What we do explain is that price inflation is a primary consequence of monetary inflation and, conversely, that monetary inflation is the true cause of price inflation (Austrians are usually careful to distinguish between such inflation and mere changes in prices). Not many years ago, this was mostly an uncontroversial and pretty universally accepted truth. Indeed, many Keynesians and Monetarists today will claim a “target” for price inflation (usually 2% or 4% or some ostensibly innocuous - and ultimately dubious - figure) and flatly recognize that the central bank’s mechanism for monetary expansion is precisely the primary means to that end. Austrians, like other economists, understand that price inflation is the goal of monetary policy.

Assuming that the demand for money is always constant for the remainder of this post and doesn’t play a factor in keeping prices static.

I think that the problem here is that there are a few schools of thought within the Austrian camp. One that believes in the hard-line Quantitative Theory of Money, where any new money instantly leads to inflation. Another, which applies a more flexible approach to money supply increases and views increased supply as “eventually” leading to inflation. Within that second group, there can be smaller niches of thought, where some believe in sticky prices and some don’t. Correct me if I’m wrong here, but most Austrians don’t believe in sticky prices, correct?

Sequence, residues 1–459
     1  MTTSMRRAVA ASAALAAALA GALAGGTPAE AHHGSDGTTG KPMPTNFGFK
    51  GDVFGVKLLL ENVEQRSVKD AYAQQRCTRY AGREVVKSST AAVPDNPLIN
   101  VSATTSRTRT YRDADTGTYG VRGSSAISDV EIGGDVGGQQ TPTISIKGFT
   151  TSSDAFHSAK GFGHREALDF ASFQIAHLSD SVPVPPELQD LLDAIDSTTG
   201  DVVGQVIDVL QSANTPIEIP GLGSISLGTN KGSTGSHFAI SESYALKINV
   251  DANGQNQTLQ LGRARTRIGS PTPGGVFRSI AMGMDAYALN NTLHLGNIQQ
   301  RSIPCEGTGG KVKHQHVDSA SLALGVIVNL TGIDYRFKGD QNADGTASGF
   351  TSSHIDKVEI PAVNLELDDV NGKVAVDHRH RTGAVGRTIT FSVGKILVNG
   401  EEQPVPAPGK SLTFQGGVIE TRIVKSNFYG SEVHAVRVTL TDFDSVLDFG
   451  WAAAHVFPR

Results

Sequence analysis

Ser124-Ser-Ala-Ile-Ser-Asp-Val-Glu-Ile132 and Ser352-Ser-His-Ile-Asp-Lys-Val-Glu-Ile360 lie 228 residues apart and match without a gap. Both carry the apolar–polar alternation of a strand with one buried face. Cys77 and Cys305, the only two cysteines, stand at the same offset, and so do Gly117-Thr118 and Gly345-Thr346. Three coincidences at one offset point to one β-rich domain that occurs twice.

My take:

Certainly, the introduction of additional liquidity which has no demand and is introduced into circulation can lead to inflation. But even this is no guarantee. It is possible that you can increase money supply, not just to those who hoard it, but into the system, beyond the system’s demand for additional funds and then at a later time decrease the money supply before any inflation takes place and you’ll have no inflationary impact. It’s no guarantee but it is possible.